Subject: Re: RFC: /kern/summary
To: Systems Anarchist <email@example.com>
From: Henry Miller <firstname.lastname@example.org>
Date: 03/10/1999 23:07:43
On Wed, 10 Mar 1999, Systems Anarchist wrote:
> >Historically, unix systems have, for the most part, used
> >single_case_underscore_separated_identifiers, not
> I thought that, historically, Unix has used six character identifiers
> (later seven chars) and no underscores for lack of space.
> That hasn't been true for a long, long time, if it ever was. Take a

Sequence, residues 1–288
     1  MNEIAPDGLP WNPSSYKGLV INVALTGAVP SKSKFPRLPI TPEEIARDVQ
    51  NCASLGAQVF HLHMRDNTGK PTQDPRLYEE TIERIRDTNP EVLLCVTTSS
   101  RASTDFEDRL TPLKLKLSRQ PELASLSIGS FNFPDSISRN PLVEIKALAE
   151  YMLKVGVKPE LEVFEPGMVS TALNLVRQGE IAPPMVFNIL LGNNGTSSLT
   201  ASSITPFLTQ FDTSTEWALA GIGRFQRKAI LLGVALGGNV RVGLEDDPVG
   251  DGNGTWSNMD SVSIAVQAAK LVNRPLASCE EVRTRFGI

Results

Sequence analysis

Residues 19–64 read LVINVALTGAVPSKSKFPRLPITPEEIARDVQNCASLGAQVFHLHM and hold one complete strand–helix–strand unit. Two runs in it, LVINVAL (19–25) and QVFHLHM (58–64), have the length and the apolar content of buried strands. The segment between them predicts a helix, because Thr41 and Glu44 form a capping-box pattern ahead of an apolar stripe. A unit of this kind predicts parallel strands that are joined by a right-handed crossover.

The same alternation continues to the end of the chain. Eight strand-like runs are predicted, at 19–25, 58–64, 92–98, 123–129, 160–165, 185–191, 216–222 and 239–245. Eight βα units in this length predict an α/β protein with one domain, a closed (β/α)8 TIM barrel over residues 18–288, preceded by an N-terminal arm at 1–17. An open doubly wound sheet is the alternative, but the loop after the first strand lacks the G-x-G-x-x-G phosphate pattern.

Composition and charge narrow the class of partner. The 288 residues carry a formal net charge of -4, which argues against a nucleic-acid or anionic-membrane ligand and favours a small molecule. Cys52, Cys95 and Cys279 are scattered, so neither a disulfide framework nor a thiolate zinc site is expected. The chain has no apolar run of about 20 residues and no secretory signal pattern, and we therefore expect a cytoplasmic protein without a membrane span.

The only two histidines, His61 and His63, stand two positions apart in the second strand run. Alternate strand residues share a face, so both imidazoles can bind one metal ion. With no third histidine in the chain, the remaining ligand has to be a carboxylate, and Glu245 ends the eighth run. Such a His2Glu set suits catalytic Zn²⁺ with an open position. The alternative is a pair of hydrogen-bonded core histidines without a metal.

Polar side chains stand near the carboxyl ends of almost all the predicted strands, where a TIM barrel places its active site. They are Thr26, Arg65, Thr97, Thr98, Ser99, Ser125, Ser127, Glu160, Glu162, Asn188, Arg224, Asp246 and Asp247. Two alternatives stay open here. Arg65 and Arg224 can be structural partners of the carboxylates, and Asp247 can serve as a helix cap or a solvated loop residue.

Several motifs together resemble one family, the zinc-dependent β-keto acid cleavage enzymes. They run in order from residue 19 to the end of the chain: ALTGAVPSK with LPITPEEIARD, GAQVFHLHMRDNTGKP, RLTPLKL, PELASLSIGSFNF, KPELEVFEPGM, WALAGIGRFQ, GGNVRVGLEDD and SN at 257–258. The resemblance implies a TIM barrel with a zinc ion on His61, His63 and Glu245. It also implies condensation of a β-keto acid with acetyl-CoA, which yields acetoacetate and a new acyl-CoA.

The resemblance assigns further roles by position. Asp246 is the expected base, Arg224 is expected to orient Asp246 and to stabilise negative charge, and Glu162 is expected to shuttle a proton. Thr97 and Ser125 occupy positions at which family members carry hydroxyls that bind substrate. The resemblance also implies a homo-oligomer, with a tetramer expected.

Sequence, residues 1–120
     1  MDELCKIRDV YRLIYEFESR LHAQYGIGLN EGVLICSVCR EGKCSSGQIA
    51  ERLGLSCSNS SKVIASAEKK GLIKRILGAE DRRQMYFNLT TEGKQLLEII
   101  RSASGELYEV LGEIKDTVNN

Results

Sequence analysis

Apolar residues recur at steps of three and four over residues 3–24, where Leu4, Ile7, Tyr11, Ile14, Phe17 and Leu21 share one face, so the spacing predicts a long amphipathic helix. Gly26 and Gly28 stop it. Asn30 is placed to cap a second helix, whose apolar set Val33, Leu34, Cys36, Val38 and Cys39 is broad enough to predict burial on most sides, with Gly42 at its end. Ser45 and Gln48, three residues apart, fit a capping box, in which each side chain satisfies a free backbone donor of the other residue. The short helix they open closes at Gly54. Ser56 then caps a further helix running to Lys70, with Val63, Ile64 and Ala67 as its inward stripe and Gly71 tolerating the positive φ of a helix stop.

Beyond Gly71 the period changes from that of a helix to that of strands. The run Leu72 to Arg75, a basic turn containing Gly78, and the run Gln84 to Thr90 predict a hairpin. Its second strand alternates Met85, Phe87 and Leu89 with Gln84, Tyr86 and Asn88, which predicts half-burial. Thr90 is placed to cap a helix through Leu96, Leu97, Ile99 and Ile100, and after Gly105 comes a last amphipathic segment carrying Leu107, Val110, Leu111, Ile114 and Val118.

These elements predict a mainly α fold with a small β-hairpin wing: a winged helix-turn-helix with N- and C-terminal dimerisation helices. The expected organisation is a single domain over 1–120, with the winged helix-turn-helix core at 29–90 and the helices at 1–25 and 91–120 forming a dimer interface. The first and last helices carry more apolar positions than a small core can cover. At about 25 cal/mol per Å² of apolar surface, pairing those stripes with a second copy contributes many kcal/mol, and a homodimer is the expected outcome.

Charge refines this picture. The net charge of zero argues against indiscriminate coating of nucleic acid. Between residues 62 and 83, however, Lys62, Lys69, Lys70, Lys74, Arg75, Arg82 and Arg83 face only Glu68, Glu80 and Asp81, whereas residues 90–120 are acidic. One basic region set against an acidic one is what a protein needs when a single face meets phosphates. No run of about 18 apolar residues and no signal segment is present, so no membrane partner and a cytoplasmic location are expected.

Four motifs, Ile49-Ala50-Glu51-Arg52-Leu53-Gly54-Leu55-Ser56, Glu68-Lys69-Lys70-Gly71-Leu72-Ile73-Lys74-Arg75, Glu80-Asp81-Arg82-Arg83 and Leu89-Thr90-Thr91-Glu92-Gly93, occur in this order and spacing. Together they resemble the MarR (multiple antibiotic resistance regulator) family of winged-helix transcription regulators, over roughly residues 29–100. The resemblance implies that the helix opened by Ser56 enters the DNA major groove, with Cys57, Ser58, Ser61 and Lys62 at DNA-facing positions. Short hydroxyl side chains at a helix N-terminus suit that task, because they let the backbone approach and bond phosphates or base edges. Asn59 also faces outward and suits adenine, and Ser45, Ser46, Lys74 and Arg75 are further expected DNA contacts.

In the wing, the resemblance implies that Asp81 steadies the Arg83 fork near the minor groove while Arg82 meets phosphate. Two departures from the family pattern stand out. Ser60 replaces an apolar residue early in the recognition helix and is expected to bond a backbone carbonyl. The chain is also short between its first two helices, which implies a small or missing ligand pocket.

> look at the v6 kernel source in the Lions book; you'll see identifiers
> as long as 13 characters, as well as underscores (though they did tend to
> use underscores more sparingly than the UCB people later would).
My understanding was that the first six were required to be UNIQUE. That
is you could have as many characters as you cared to use, but the compiler
was only required to use the first 6.
As justification let me site
http://www.lysator.liu.se/c/ten-commandments.html part 9. Note that this
only applies to external identifiers. I wish I knew where the orginial
came from, but this is at least some justification for saying that 6
characters is historical.